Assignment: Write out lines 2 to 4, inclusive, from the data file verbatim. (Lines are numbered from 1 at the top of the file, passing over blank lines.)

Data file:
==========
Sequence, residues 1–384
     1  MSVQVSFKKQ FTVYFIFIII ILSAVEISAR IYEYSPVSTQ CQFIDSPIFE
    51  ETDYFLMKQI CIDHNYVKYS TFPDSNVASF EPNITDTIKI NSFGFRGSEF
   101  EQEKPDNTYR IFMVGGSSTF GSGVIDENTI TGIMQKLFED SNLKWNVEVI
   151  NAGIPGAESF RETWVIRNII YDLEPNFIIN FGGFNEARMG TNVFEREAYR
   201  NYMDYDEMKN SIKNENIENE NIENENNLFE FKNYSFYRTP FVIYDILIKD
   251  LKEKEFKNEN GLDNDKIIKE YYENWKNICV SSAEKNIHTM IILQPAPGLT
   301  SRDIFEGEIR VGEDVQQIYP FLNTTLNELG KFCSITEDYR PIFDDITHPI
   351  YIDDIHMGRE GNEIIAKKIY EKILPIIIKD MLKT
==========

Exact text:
     1  MSVQVSFKKQ FTVYFIFIII ILSAVEISAR IYEYSPVSTQ CQFIDSPIFE
    51  ETDYFLMKQI CIDHNYVKYS TFPDSNVASF EPNITDTIKI NSFGFRGSEF
   101  EQEKPDNTYR IFMVGGSSTF GSGVIDENTI TGIMQKLFED SNLKWNVEVI